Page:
Writers Write, Right? So I’ve been remiss. For almost three months. Oh, I’ve dabbled, written a few posts and letters, etcetera. But I hadn’t composed any new prose since November—until last week. That’s when it hit me. I’ve been driving myself bonkers by avoiding actually writing. I’m not sure how many times I need to learn this lesson, but this was not the first time. Apparently I’m a slow learner.
As to how I came to renew the realization, suffice to say I found myself rewriting a chapter in book two that had been made redundant by book one revisions. The two days I spent doing the new chapter were amazing. I felt so alive—exhilarated even. I hadn’t had these particular characters in…
View original post 1,110 more words
Elizabeth I: An Uncertain Beginning
In THE TUDOR VENDETTA, the third and final book in my Elizabeth I Spymaster Trilogy (Elizabeth’s Spymaster in the UK), I decided to focus on the first uncertain, tumultuous months leading up to Elizabeth I’s coronation. Although this novel is perhaps the most fictionalized of the three in the series, in that the mystery which Elizabeth’s private spy must uncover remains unsubstantiated by historical evidence, the setting I depict is not.
It’s almost impossible for us to believe now that Elizabeth Tudor faced an uncertain future upon her accession. Her forty-five year reign has been so cemented in our imagination as one of unmitigated triumph that we take it as a given. Her ability to steer past the shoals of religious discord and enmity of Catholic powers both abroad and in her realm, as well as her astonishing lack of compromise when it came to marriage, have made her an icon: the Virgin Queen, Gloriana, who once said she already had a husband, for she was “married to England.”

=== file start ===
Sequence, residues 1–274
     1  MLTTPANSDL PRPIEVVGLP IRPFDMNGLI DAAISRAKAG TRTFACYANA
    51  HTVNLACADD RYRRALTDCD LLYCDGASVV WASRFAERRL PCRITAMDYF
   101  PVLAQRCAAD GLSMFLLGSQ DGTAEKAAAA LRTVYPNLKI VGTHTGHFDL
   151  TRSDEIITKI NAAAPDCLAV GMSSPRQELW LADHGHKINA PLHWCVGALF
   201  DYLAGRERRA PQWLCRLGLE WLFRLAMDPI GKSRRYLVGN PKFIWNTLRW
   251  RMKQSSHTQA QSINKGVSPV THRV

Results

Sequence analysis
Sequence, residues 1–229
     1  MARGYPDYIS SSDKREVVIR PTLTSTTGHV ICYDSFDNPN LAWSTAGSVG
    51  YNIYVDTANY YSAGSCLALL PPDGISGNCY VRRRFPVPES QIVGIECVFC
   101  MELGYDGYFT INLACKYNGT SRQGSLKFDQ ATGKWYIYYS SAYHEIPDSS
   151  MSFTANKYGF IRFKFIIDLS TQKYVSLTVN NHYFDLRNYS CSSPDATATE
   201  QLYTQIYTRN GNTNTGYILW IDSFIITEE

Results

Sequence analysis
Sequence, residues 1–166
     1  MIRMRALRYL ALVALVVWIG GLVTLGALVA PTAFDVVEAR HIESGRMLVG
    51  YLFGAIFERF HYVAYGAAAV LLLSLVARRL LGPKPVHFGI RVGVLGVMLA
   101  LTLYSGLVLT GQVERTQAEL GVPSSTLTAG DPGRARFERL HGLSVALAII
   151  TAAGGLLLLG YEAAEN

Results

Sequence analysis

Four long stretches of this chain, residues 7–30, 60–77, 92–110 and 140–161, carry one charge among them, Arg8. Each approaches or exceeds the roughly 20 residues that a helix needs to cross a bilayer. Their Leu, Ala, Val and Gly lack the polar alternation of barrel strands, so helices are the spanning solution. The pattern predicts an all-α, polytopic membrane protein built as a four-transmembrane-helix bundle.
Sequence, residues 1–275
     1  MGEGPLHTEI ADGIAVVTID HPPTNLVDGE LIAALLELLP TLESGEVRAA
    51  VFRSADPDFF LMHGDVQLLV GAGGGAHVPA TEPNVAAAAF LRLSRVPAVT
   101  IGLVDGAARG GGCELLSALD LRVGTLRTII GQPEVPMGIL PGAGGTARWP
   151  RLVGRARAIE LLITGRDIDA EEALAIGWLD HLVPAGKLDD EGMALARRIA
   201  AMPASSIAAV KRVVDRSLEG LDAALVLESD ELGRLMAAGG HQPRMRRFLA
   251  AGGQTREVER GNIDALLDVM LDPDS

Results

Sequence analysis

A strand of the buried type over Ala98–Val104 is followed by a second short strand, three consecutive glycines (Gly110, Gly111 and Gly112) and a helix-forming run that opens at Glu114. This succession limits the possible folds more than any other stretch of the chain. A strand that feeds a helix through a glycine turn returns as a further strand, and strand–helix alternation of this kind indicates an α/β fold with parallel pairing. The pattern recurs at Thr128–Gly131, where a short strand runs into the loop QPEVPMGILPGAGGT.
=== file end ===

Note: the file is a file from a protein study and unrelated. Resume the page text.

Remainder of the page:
Nevertheless, the twenty-five year old princess who claimed the throne in November 1558 was, while superbly educated and politically savvy, still untried as a ruler. Indeed, she faced a myriad of issues that might have overwhelmed anyone but her. After her sister Mary I’s disastrous five-year reign—a portion of which is depicted in the second novel of the series, The Tudor Conspiracy— England teetered on the brink of ruin. Mary’s fervent persecution of Protestants had turned the country upside down, exiling or destroying many of the affluent merchants who upheld the Reformed Faith and formed the backbone of economic stability. Her ill-fated marriage to Philip of Spain had turned popular opinion against her, a tragic side-effect of her determination to see England restored to Rome, which annihilated the initial wave of support from her subjects that saw her to the throne. In addition, her economic policies had debased the coinage even further—an ongoing issue that had bedeviled her predecessors, and now fomented severe discontent, with the strife over the enclosure or sale of monastic lands begun under Henry VIII, a long-gnawed bone of contention between nobility and commoners.
Elizabeth thus inherited a legacy of intolerance, brutal reprisal, and financial chaos; she also was considered nearing her middle years, as surprising as this might seem to us, because of overall life expectancy in her era, and of her family, in particular. The need to marry and produce an heir was therefore paramount to her advisors, most particularly William Cecil, who had safeguarded her during the years before her accession. Marriage was deemed not only vital to shoring up her reign, but also to protecting her from foreign aggression, now personified by her cousin, Mary of Scots, the dauphine of France by virtue of her marriage to the French king’s heir. Catholics by and large believed Mary of Scots held the superior right to the English throne, based on the contention that Henry VIII’s marriage to Elizabeth’s mother, Anne Boleyn, had been illegal. Many Catholics deemed Elizabeth a bastard usurper, including the pope himself.